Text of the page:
3. The red rag to a bull ‘Idunno’, for me, is the one I should be kindest about. I work hard to remain patient, but it is only through reminding myself of the cause constantly that I can stay kind and understanding. This is the deliberate, I am not engaging with you ‘Idunno’. For example, there is some sullenness in the air, maybe over silliness at bedtime (that’s not just my kids, right?) and a choice is given: ‘Are you going to sit up and listen, or shall we not have a bedtime story?’ to my brain this is an easy choice: he just has to sit up and then we get to re-engage via storytime; brilliance on my part? No. what happens is ‘Idunno’ and with that, the whole strategy is flummoxed… what do I say? My kids have suffered far more than just a missed bedtime story in the past, the cost of a bedtime story is well worth it, in their eyes, to gain some control, which for them is very hard won. What do I do? I know that they want a bedtime story but they are refusing to acknowledge that because there is much more at stake!! The Idunno cleverly forces you to either give in or be the bad guy, which in turn forces you to fulfil what they believe of all adults; weak or mean. My plan of action is currently one of the following: read the story really quietly so that they have to emerge from the blankety sulk; say ‘I’m just going to go to the loo and then I will be back, maybe you could be ready?’, say ‘well, I will wait on the stairs, shout me when you are ready?’. I am not suggesting that I have used these tactics every time, there have been times when I got it horribly wrong, forgetting that if I can give them a little bit of control we can diffuse the situation and have had very difficult bedtimes where I have stood and said ‘well, you need to tell me if you want a story’. It was not unusual for my kids to go to sleep on an empty stomach before they came to us; they are definitely able to go to sleep without the chance to say goodnight nicely. Sticking to my plan works 90% of the time, but I have to be aware that this is the one I might need to take a minute from (hence the ‘I’m just going to the loo).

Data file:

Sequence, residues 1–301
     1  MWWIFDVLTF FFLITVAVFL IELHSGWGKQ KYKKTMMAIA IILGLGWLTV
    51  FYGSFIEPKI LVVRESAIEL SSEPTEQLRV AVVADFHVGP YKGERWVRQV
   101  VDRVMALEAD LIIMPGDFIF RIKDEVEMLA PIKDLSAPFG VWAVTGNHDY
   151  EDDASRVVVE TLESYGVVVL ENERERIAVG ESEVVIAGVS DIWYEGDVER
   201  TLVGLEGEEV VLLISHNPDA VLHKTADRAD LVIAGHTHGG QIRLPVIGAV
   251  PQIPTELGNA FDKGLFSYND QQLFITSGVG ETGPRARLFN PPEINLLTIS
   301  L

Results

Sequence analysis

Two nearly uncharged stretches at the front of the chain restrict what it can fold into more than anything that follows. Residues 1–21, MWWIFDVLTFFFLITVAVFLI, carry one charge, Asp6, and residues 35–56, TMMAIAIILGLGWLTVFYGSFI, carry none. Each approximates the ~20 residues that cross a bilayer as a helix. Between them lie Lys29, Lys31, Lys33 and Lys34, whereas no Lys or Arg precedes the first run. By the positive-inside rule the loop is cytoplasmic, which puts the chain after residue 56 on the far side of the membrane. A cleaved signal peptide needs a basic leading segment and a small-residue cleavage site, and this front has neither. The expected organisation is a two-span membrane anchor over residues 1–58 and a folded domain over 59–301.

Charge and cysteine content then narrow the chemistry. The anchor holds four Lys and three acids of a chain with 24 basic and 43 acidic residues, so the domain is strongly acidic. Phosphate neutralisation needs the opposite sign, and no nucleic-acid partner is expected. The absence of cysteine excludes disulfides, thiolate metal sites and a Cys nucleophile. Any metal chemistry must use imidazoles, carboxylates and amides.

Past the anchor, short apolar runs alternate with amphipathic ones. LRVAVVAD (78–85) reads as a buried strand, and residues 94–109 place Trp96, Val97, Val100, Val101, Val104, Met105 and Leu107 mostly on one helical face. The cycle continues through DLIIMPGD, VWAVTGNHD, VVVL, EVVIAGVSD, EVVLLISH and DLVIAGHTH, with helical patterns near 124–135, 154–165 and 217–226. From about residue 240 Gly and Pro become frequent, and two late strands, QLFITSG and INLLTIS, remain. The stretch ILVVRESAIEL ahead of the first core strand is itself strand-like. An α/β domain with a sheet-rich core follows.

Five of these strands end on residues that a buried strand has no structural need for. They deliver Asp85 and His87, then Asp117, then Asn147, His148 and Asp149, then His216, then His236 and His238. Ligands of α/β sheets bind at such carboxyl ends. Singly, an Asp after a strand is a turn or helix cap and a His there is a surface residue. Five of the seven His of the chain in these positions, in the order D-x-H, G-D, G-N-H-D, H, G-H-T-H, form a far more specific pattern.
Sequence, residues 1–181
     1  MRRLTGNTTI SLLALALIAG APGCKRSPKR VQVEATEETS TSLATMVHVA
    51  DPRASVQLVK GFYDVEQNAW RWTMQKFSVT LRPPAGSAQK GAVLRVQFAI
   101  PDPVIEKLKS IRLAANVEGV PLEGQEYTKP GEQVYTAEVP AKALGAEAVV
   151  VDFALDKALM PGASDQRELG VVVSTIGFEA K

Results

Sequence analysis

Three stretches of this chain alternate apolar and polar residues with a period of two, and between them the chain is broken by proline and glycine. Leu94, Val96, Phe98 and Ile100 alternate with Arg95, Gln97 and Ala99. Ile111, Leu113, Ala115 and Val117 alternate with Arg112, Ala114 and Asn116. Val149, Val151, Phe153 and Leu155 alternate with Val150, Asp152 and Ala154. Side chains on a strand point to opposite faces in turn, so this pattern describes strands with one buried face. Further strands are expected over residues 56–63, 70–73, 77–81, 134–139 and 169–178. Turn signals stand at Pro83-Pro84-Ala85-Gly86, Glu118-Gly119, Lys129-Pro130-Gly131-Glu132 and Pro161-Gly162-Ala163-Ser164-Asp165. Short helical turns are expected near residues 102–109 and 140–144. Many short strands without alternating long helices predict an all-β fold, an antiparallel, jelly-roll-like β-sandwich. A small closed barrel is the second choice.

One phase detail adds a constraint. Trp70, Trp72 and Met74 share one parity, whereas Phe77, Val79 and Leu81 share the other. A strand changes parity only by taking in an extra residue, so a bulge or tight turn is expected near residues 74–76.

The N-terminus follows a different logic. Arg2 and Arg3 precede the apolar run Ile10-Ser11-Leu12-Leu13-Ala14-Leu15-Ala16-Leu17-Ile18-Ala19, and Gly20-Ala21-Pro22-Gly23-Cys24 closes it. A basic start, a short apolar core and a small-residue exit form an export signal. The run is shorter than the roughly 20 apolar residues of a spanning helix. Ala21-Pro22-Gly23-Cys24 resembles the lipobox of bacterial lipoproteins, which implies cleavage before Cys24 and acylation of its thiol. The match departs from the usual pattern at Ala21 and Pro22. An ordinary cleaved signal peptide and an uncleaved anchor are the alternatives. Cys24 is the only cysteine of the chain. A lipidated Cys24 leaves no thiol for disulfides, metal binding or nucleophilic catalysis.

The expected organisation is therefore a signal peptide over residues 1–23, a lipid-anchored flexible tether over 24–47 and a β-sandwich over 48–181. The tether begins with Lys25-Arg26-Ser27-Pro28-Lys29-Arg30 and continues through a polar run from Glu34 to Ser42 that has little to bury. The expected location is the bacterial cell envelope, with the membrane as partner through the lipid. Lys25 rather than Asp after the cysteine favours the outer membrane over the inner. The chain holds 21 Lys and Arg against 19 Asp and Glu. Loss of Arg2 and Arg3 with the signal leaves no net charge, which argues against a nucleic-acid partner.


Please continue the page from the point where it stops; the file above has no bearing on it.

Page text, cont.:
As I get to know my kids, I realise that they have developed ingenious ways in which to survive and to protect themselves physically and emotionally. In the scope of a loving household, their survival tactics can be in turn frustrating, saddening, maddening and very difficult to overcome. But I hope that they will not need them forever, and that we can get past them with patience and an endless curiosity. My favourite question from my supervising social worker, when I feel like groaning quietly in a corner? “Why do you think they did that?”
The foster care assessment process